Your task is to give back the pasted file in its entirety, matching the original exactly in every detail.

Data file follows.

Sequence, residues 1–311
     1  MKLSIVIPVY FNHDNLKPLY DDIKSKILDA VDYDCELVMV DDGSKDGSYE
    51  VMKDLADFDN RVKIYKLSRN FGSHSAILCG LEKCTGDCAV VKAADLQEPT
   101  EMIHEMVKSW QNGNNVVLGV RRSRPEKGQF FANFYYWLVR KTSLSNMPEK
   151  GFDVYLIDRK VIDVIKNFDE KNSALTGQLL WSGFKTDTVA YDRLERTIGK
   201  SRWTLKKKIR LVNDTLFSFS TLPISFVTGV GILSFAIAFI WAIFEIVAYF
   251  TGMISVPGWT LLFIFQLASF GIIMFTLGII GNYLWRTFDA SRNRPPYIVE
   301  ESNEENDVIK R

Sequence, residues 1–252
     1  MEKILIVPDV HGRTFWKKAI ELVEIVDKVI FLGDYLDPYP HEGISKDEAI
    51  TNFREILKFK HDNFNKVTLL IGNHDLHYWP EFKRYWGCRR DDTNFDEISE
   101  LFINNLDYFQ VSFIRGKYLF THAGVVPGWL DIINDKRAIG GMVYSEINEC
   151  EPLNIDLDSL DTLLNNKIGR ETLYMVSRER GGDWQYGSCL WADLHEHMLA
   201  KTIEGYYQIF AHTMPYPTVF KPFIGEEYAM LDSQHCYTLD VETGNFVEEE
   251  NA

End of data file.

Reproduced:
Sequence, residues 1–311
     1  MKLSIVIPVY FNHDNLKPLY DDIKSKILDA VDYDCELVMV DDGSKDGSYE
    51  VMKDLADFDN RVKIYKLSRN FGSHSAILCG LEKCTGDCAV VKAADLQEPT
   101  EMIHEMVKSW QNGNNVVLGV RRSRPEKGQF FANFYYWLVR KTSLSNMPEK
   151  GFDVYLIDRK VIDVIKNFDE KNSALTGQLL WSGFKTDTVA YDRLERTIGK
   201  SRWTLKKKIR LVNDTLFSFS TLPISFVTGV GILSFAIAFI WAIFEIVAYF
   251  TGMISVPGWT LLFIFQLASF GIIMFTLGII GNYLWRTFDA SRNRPPYIVE
   301  ESNEENDVIK R

Sequence, residues 1–252
     1  MEKILIVPDV HGRTFWKKAI ELVEIVDKVI FLGDYLDPYP HEGISKDEAI
    51  TNFREILKFK HDNFNKVTLL IGNHDLHYWP EFKRYWGCRR DDTNFDEISE
   101  LFINNLDYFQ VSFIRGKYLF THAGVVPGWL DIINDKRAIG GMVYSEINEC
   151  EPLNIDLDSL DTLLNNKIGR ETLYMVSRER GGDWQYGSCL WADLHEHMLA
   201  KTIEGYYQIF AHTMPYPTVF KPFIGEEYAM LDSQHCYTLD VETGNFVEEE
   251  NA